2015 is the year for pan-European pensions

Pan-European pension arrangements will be the norm for a third of multi-national companies by 2015, says Hewitt Associates.

New research into the emerging pan-European pensions market shows that over 75 per cent of providers surveyed have already implemented some form of cross-border pension product, and most have undertaken feasibility studies on behalf of multi-national companies.

With the pan-European pensions market growing since the implementation of the EU Pension Directive in 2005, the passport framework that resulted has enabled companies to establish a single pensions vehicle to operate across multiple countries. Both defined benefit (DB) and defined contributions (DC) benefit structures are covered in the Directive.

"The pan-European pensions market is on the cusp of significant growth," commented Paul Bosner, senior international consultant at Hewitt Associates. "Companies have been expressing an interest in consolidating their pension arrangements for some time, but have been somewhat reluctant to be the first to test the water. However, with several companies having now implemented such a vehicle and with a significant number of financial services providers offering or developing new products, the proposition is becoming more feasible. It's clear both from our survey findings and from our own experience of the market that, with several providers and a series of products available, the market-place is becoming more competitive and attractively priced."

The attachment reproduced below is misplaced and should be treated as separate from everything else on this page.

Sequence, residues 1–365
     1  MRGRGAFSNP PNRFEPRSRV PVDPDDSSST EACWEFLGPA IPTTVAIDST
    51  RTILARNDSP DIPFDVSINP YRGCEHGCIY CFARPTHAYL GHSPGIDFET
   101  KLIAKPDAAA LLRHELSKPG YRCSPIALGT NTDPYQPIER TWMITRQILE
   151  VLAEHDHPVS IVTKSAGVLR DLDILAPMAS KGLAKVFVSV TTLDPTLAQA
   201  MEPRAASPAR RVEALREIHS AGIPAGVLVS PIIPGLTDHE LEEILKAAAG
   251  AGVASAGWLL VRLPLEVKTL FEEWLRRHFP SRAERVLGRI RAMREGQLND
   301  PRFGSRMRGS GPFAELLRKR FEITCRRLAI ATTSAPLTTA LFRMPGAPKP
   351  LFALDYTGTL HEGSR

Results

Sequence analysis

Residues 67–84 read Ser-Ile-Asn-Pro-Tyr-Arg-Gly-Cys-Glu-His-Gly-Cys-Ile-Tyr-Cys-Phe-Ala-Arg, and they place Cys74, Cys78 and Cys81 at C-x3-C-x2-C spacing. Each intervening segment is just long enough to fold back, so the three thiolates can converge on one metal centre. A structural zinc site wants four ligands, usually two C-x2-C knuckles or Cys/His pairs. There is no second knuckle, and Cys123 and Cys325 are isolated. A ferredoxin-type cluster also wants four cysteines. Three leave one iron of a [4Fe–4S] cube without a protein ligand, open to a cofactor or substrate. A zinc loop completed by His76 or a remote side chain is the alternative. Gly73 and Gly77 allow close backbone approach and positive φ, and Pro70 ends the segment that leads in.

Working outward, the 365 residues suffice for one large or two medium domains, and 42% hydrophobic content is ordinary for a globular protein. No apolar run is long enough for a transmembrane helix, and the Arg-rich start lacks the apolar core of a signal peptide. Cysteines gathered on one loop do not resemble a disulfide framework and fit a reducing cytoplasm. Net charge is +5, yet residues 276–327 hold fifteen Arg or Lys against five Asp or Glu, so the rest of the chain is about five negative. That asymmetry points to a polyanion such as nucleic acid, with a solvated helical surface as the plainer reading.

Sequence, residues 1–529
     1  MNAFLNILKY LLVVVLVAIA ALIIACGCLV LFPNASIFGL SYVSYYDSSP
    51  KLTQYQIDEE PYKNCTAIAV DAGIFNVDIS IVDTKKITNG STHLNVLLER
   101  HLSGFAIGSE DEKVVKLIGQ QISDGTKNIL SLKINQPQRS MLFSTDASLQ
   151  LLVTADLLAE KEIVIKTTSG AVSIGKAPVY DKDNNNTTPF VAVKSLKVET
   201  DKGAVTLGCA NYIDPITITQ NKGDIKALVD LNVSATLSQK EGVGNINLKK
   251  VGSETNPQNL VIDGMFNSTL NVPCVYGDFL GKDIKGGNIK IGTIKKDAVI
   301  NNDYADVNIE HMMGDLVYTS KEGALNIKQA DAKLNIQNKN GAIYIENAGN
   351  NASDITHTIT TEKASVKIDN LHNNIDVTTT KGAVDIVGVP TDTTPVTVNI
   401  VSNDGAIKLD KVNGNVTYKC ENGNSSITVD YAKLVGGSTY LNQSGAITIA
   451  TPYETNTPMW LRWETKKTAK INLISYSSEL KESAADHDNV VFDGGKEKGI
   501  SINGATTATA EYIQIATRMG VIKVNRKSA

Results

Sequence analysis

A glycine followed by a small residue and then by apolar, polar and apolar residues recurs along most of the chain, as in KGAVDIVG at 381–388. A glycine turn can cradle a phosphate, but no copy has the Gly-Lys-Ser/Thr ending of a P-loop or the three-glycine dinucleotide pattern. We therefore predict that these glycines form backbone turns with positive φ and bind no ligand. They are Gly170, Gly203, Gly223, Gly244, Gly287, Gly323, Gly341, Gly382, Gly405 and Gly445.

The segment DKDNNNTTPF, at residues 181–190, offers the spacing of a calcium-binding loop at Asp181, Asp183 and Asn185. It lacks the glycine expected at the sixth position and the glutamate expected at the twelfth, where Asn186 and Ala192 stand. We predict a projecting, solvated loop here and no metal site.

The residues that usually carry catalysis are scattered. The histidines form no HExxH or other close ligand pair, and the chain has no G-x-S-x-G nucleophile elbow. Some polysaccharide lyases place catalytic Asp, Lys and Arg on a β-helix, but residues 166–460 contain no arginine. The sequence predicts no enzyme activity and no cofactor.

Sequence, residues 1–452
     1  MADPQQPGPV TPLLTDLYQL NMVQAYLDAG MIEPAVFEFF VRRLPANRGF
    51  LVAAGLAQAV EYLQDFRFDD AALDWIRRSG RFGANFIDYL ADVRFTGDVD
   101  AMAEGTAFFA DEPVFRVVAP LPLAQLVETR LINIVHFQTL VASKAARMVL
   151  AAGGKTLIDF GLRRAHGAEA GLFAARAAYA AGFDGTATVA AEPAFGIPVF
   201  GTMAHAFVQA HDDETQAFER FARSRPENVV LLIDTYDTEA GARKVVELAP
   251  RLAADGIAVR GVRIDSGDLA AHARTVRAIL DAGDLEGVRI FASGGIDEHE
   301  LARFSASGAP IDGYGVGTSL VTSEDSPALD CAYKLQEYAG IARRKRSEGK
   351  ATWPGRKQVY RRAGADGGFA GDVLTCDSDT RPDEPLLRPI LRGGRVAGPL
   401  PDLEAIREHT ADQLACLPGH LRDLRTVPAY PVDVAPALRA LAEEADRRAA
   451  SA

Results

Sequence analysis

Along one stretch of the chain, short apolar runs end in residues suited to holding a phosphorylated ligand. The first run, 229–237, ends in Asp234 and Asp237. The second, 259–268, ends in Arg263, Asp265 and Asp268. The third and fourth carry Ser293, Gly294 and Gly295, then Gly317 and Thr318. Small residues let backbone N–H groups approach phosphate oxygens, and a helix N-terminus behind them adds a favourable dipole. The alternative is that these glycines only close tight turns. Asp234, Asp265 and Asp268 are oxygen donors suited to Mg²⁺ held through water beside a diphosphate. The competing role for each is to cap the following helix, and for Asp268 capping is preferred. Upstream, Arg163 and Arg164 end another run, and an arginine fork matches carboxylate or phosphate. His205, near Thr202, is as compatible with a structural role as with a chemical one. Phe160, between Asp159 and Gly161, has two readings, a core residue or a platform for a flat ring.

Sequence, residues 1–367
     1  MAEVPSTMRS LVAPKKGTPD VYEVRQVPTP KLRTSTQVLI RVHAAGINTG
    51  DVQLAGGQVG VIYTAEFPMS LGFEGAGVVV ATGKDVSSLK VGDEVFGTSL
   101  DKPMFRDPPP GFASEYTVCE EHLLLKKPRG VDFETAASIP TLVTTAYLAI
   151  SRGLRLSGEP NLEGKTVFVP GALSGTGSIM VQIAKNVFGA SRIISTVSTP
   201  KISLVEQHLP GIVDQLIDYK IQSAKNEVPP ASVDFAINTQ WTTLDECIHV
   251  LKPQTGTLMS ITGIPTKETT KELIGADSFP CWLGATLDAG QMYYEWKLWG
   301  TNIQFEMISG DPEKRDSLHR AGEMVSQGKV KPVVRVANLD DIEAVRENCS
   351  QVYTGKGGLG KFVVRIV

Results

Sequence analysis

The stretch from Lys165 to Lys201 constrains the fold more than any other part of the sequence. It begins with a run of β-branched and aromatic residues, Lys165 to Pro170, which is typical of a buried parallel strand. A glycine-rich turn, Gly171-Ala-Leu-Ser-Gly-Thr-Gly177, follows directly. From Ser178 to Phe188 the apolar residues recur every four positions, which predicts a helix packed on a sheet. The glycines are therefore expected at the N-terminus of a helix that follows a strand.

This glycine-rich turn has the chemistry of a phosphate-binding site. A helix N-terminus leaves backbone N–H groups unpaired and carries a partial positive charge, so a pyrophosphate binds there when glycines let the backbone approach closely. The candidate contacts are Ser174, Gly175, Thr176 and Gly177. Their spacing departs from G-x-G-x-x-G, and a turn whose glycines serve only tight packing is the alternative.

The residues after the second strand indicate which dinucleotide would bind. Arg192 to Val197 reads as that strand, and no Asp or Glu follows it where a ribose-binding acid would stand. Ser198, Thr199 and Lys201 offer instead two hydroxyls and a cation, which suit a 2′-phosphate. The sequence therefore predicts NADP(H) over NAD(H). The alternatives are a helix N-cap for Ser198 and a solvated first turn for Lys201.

Financial services providers can instead opt for the 3rd Life Directive or virtual cross-border pension products which combines local pension products, often with some form of asset pooling. Hewitt's research, however, showed that these two options are unpopular due to practical obstacles around implementation. Only one of the 14 providers participating in the survey preferred to establish a pension arrangement using the 3rd Life Directive.

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